Boys School Suits
KEEPING WELL == An MR Tablet ;
(a vegetable aperient) taken at
night will help keep you well, by
toning and strengthening your di-
gestion and elimination.
Priced the Fauble Way--Honestly
LET US SHOW YOU
ELE LE ELELUELE
MR JUNIORS~—Little Ms
One-third the regular dose. Made
of the same ingredients, then candy
coated. For children and adults.
SOLD BY YOUR DRUGGIST -
RUNKLE’S DRUG STORE. = 2a
Ro 1 [hn
The Water-Cured Process delivers its pressure evenly over the entire surface
of the tube and insures a perfect cure. It retains all the tough, live quality
of the rubber. And the rubber used in :
United States Tubes
Cured Process, you buy a tube that is made
of the finest materialsunderideal conditions
in the largest and best equipped tubefactory
in the world.
It will add miles to the life of your casing.
United States Royal Tubes, Grey Tubes
and Usco Tubes will give the same long,
satisfactory service you get from United
States Tires. ©
is of superior quality. It is the celebrated
U.S. Sprayed Rubber free from acid, smoke
and other impurities—the toughest, most
uniform rubber known.
United States Tubes age well. If punc-
tured, the injury does not spread and vul-
canized repairs are permanent.
When you buy a United States Tube
made of Sprayed Rubber by the Water-
ForSaleby HARRY J. BEHRER, State College
P. H. McGARVEY, Bellefonte
Law, Bellefonte, Pa. Practices in
all courts. Office, room 18 Crider's
Dairymen ---Notice S KLINE _WOODRING. — Attorney-at
KENNEDY - JOHNSTON — Attorney-at
Law, Bellefonte, Pa. Prompt at-
tention given all legal business en-
trusted to his care. Offices—No. 5, Hast
High street. 57-44
M. KEICHLINE. — Attorney-at-Law
and Justice of the Peace. All pro-
fessional business will receive
prompt attention. Offices on second floor
of Temple Court. 49-5-1y
G. RUNKLE, — Attorney-at-Law.
Consultation in English and Ger-
man. Office in Crid
Bellefonte, Pa. Hoe Exchange,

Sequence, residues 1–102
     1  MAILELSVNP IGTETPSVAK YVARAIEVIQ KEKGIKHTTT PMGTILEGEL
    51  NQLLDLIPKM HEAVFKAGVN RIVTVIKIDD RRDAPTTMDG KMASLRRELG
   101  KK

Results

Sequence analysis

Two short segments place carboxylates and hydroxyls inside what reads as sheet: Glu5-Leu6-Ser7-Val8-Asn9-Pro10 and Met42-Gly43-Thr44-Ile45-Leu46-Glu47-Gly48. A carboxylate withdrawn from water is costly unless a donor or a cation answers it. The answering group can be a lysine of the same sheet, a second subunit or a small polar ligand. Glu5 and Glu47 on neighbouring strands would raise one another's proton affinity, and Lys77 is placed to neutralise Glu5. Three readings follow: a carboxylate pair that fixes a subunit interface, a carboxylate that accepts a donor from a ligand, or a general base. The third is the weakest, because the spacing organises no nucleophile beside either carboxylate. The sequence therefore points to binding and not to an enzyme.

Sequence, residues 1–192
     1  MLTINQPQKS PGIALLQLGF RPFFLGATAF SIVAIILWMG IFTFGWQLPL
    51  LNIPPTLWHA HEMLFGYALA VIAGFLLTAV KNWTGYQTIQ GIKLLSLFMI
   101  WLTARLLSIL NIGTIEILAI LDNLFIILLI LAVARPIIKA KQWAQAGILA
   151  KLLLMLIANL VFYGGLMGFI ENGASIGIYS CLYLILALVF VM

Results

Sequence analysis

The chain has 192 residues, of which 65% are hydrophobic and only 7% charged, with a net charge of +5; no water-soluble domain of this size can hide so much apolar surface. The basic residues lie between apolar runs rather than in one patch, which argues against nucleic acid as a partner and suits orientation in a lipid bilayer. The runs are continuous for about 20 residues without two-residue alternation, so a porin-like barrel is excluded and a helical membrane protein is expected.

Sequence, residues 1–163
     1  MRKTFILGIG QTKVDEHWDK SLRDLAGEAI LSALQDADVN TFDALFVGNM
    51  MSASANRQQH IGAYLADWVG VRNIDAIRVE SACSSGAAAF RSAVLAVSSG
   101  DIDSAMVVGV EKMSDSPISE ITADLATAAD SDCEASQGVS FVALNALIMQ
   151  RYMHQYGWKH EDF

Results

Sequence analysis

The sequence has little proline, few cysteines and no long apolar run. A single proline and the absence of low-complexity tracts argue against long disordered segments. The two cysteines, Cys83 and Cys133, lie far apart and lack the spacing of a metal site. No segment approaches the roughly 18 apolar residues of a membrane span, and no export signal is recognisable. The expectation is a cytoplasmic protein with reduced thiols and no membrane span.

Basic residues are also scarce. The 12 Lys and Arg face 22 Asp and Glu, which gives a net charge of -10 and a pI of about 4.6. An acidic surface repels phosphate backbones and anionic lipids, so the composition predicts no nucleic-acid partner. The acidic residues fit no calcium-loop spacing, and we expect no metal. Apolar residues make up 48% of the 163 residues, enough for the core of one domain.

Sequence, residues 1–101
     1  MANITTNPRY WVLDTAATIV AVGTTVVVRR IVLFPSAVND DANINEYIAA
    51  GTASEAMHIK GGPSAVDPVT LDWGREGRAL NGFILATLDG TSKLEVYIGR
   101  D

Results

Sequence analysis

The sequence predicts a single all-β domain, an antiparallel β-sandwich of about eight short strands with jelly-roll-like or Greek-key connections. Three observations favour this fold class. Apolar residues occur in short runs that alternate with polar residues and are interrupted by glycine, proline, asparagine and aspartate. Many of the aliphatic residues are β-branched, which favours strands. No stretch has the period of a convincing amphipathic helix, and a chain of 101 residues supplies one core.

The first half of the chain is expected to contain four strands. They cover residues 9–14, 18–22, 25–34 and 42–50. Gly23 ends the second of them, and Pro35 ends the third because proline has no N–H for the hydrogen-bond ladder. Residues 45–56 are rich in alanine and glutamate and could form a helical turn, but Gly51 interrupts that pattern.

R. R. L. CAPERS,
Crider’'s Ex. 66-11 Holmes Blige
S. GLENN, M. D. Physician and
Surgeon, State College, Centre
county, Pa. Office at his resi-
licensed by the State.
Eyes examined, glasses fitted. Sat-
isfaction guaranteed. Frames repaired and
lenses matched. Casebeer Bldg. High St.
Bellefonte, Pa. 71-22-tf
VA B. ROAN, Optometrist. Licensed
by the State Board. State College,
every day except Saturday. Belle-
fonte, in the Garbrick building opposite
the Court House, Wednesday afternoons
and Saturdays 9 a. m. to 430 p. m. Bell
We Keep a Full Line
of Feeds in Stock
Try Qur Dairy Mixtures
| —22% protein; made of all
Clean, Pure Feeds—
$46.00 per Ton
We manufacture a Poultry
Mash good as any that you
can buy, $2.90 per hundred.
Purina Cow Chew .......... $52.00 per tem
Oil Meal, 34 per cent. protein, 54.00 “
Cotton Seed, 48 pr. ct. prot.,, 50.00 “ *
Gluten, 23 per cent. protein, 48.00 “ ©
Alfalfa Meal .....coco000eeeee 4500 “
Bal ccccciesesssssssssnesnse 84.00 “ “
Middlings ......cecoovveveenns 3600 “
(These Prices are at the Mill)
$2.00 per Ton Extra for Delivery.
We are discontinuing the storage
of wheat. After July 1st, 1926, all
wheat must be sold when delivered to
6. Y. Wagner & Go., lc
66-11-1yr. BELLEFONTE, PA.
Caldwell & Son
By Hot Water
Full Line of Pipe and Fit-
tings and Mill Supplies
All Sizes of Terra Cotta
Pipe and Fittings
Cheerfully ana Promptly Furnished
Fine Job Printing
at the i
There is no style of work, from the
cheapest “Dodger” to the finest
that we can not do in the most sat-
isfactory manner, and at Prices
consistent with the class of work.
Call on or communicate with this
This Interests You
The Workman’s Compensation
Law went into effect Jan. 1,
1916. It makes insurance compul-
sory. We specialize in placing
such insurance. We inspect
Plants and recommend Accident
Prevention Safe Guards which
Reduce Insurance rates.
It will be to your interest to
consult us before placing your
JOHN F. GRAY & SON.
Bellefonte 43-18-1yr. State College